“The people of Texas are informed that in accordance with a Proclamation from the Executive of the United States, all slaves are free. This involves an absolute equality of rights and rights of property between former masters and slaves, and the connection heretofore existing between them becomes that between employer and hired laborer.”

In response to this news, people were shocked but also jubilant. Though many stayed to see how the new employer to employee relationship unfolded, many set off North or to neighboring states to see family. Then, the Juneteenth celebration was a time for reassuring each other, for praying, and for gathering remaining family members. Now, many former slaves and descendants make an annual pilgrimage back to Galveston on this date. There are a range of activities that you can do today to celebrate Juneteenth. However, I would like to caution all of you to not do anything rash because of the pandemic still around. So, here are some ways to celebrate Black Joy on Juneteenth:

  1. Buy artwork from a Black artist. This could come in the form of tapestries, clothing, or music.
  2. Read and discuss articles from The Root’s Black Excellence column
  3. Order takeout from a Black owned restaurant
  4. Venmo individual Black people doing good work in their community
  5. Listen to playlists and podcasts featured in Spotify’s ‘Black History is Now’ campaign
  6. Read a book by a Black author that’s main subject area is not racism.
  7. Watch a show or movie that has Black Joy. Some shows/movies on Netflix are #BlackAF, About The Washingtons, All American, Cheer, Dear White People, and many more.

Over the years, Juneteenth celebrations have declined which was a consequence of economic and cultural forces. Textbooks and classroom education didn’t cover the topic of slavery in detail and proclaimed that the Emancipation Proclamation was the only thing that signaled the ending of slavery. However, Juneteenth saw a resurgence of celebrations during the Civil Rights Movement. Today, we must continue in stride and celebrate Juneteenth and with it, African American freedom and achievement.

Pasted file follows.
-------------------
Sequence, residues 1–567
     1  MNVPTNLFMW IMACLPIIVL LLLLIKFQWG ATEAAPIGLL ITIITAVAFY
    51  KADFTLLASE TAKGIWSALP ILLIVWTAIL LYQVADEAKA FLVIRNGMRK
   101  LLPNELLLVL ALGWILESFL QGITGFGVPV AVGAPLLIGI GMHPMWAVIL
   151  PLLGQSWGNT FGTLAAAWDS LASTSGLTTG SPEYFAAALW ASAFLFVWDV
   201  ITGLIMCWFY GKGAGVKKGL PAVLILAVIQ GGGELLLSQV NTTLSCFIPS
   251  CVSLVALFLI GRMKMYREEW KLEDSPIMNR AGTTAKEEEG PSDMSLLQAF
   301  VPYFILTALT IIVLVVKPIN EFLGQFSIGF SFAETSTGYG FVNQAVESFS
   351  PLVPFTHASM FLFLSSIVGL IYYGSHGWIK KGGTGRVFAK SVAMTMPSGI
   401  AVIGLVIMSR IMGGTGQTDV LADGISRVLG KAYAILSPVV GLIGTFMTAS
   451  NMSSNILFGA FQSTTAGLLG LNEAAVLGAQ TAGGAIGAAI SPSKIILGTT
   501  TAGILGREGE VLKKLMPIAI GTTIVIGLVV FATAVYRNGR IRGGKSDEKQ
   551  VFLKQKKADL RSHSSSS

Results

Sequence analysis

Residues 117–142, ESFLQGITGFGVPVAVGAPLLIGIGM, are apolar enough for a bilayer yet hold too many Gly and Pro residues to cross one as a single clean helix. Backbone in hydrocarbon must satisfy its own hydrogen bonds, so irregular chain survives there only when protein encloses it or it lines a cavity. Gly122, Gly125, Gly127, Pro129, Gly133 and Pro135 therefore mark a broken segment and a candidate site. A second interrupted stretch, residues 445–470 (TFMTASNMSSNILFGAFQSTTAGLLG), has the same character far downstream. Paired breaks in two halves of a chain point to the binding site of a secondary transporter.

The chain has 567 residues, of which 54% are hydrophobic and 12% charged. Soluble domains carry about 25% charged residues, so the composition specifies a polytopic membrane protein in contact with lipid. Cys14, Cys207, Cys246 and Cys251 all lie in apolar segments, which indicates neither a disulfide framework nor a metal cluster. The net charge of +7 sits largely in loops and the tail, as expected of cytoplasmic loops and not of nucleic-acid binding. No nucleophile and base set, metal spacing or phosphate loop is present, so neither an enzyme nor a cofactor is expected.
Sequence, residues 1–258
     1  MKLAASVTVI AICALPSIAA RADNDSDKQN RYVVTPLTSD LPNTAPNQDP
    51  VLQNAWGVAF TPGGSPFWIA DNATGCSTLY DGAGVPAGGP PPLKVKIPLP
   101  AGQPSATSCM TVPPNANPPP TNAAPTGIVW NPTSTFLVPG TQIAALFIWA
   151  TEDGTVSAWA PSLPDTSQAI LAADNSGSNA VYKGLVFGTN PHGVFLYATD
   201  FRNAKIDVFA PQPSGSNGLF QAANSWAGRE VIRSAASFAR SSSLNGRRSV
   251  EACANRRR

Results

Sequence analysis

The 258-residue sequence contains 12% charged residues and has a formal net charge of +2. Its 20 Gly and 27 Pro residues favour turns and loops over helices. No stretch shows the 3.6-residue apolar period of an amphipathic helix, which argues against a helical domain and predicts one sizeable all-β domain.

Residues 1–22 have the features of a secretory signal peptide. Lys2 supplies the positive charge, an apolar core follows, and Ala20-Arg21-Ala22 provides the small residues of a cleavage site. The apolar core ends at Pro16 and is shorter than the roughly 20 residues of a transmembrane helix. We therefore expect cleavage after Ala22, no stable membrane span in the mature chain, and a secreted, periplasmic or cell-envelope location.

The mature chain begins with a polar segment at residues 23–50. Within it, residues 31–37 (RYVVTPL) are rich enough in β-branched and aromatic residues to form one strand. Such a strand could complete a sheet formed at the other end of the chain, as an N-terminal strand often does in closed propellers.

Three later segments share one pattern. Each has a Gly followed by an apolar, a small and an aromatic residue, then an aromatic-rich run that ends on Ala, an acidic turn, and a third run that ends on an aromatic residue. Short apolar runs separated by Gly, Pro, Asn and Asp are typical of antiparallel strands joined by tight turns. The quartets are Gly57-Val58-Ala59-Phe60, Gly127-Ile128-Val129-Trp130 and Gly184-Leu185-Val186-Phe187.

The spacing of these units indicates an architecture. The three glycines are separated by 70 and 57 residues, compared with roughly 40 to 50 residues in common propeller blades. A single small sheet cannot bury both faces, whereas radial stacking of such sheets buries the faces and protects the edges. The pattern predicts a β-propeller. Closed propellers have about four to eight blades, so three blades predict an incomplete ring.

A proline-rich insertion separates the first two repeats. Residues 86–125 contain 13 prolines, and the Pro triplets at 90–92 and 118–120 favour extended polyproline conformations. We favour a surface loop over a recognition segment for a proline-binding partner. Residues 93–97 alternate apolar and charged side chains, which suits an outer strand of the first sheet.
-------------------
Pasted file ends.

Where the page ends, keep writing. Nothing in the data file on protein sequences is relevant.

Originally published June 19


The coronavirus has impacted every one of us. COVID-19 does not discriminate between races as it affects everyone. However, it is affecting some races more than others. As of right now, the Navajo Nation has the highest per capita COVID-19 infection rate in the USA, surpassing New York which had been thought of as the epicenter of the pandemic. The Navajo Nation is the largest Native American tribe in the U.S. Its infection rate is 3.3% as the nation has a population of 173,667 people and has had 5,533 confirmed COVID-19 cases and 248 deaths. Its infection rate surpasses New York’s by roughly 1.0%.

American indigenous family aware of the dangers of the Covid19 pandemic stands 6 feet apart from one another

Coronavirus impacts minority groups differently than peoples in urban/major cities across America. These individuals are often of a lower income bracket and are frequently working in jobs that are deemed essential. Thus, they face a higher risk of infection than others. Also, Tyrone Whitehorse, a member of the Diné Nation from Lechee, Arizona, wrote that “it’s hard to follow public health guidelines when the reservation is facing “systemic disparities,” like limited access to healthcare, minimal running water, and a lack of protective supplies. Nearly 1/3 of families on the reservation don’t have access to running water or electricity, let alone a clinic or a hospital nearby. In addition, on the Navajo reservation, there are only 13 grocery stores to serve an area the size of West Virginia. Therefore, when people were rushing to grocery stores across the nation, it caused members of the Navajo reservation to hit the dirt roads and drive an hour or more to the nearest grocery store. However, when they got there, much of the supplies they needed were gone already. Also, the small number of grocery stores result in food scarcity. The Centers for Disease Control and Prevention (CDC) stated that “current data suggests a disproportionate burden of illness and death among racial and ethnic minority groups.” Additionally, COVID-19 death rates for Black and Hispanic/Latino individuals “were substantially higher than that of white or Asian person” for cities across the country noted the CDC.